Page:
Economic Injury Disaster Loan Program
The Small Business Administration’s (SBA) Economic Injury Disaster Loan Program provides small businesses, including non-profits, with working capital loans of up to $2 million that can provide vital economic support to small businesses to help overcome the temporary loss of revenue they are experiencing.
- These loans may be used to pay fixed debts, payroll, accounts payable and other bills that cannot be paid because of the disaster’s impact. The interest rate is 3.75% for small businesses and 2.75% for non-profits.
- SBA offers loans with long-term repayments in order to keep payments affordable, up to a maximum of 30 years. Terms are determined on a case-by-case basis, based upon each borrower’s ability to repay.
SBA works with lenders to provide loans to small businesses. The agency does not lend money directly to small business owners but sets guidelines for loans made by its partnering lenders, community development organizations that makes it easier for small businesses to get loans. Loans guaranteed by the SBA range from small to large and can be used for most business purposes, including long-term fixed assets and operating capital.
Federal Emergency Stimulus
As of the writing of this memorandum on Wednesday afternoon, the federal government is building a multi-phase and multi-billion dollar stimulus package which includes a proposal for $50 billion to aid the airline industry, $150 billion for distressed sectors of the economy and two rounds of direct payments of $250 billion each to be distributed on April 6 and May 18, and the creation of a small business interruption loan program. The small business interruption loan program is an additional resource to what was mentioned above for the SBA Economic Injury Disaster Loan Program and staff is waiting for more information on this new resource.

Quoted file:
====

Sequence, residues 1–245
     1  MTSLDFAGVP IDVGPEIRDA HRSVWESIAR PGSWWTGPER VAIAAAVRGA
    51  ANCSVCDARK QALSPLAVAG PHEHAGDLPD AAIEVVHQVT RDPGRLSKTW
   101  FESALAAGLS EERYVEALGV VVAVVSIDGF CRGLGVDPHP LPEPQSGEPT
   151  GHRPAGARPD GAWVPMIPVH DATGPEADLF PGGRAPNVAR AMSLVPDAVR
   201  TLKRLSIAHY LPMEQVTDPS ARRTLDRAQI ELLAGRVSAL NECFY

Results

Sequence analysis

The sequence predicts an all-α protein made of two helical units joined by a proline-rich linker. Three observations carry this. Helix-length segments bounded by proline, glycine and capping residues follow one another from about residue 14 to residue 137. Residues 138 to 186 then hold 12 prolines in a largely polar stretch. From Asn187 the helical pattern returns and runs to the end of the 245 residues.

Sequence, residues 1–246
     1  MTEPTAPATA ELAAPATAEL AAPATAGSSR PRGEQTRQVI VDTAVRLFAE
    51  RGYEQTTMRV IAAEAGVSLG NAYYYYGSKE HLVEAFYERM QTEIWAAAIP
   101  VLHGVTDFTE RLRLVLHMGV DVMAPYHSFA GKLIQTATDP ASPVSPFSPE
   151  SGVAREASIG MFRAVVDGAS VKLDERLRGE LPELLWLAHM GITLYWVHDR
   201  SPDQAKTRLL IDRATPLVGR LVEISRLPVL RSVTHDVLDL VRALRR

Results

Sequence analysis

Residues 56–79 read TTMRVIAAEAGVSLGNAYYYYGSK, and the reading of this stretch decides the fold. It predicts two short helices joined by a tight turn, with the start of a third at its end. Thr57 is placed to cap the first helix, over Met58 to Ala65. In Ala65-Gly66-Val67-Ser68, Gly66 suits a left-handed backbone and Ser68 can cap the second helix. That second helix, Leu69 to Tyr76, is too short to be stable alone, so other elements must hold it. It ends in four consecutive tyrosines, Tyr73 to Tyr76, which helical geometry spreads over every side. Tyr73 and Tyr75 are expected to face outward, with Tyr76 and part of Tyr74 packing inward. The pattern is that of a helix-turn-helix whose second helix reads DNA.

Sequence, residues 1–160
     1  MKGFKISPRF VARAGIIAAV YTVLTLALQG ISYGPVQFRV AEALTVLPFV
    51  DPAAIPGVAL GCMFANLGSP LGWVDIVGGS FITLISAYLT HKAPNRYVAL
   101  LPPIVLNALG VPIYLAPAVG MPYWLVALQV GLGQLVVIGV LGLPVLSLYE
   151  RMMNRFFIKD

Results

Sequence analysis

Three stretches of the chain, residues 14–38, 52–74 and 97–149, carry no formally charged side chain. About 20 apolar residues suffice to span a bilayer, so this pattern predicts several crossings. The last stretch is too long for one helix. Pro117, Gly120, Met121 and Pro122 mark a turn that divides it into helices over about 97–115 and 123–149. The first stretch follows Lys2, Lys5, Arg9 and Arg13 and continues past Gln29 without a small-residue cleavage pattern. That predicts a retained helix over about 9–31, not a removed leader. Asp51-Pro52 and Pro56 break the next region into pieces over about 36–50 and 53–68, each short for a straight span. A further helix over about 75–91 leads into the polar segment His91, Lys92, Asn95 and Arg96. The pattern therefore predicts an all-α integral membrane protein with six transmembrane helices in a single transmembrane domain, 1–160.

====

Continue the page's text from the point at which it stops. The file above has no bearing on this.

Reduced Work Hours
Employers experiencing a slowdown in their businesses or services as a result of the COVID-19 impact on the economy may apply for the Unemployment Insurance (UI) Work Sharing Program through the State of California Employment Development Department. This program allows employers to seek an alternative to layoffs —retaining their trained employees by reducing their hours and wages that can be partially offset with UI benefits. Workers of employers who are approved to participate in the Work Sharing Program receive the percentage of their weekly UI benefit amount based on the percentage of hours and wages reduced. To qualify, employers must reduce hours and wages by at least 10 percent, but no more than 60 percent.
Unemployment Insurance (UI)
The Employment and Training Administration announced new guidance outlining state flexibilities in administering their unemployment insurance programs to assist Americans affected by the COVID-19 outbreak.
Under the guidance, federal law permits significant flexibility for states to amend their laws to provide unemployment insurance benefits in multiple scenarios related to COVID-19. For example, federal law allows states to pay benefits where:
- An employer temporarily ceases operations due to COVID-19, preventing employees from coming to work;
- An individual is quarantined with the expectation of returning to work after the quarantine is over; and
- An individual leaves employment due to a risk of exposure or infection or to care for a family member.
In addition, federal law does not require an employee to quit in order to receive benefits due to the impact of COVID-19. Workers who are temporarily unemployed due to COVID-19 and expected to return to work with their employer within a few weeks are not required to actively seek work each week. However, they must remain able, available and ready to work during their unemployment for each week of benefits claimed and meet all other eligibility criteria. Eligible individuals can receive benefits that range from $40-$450 per week.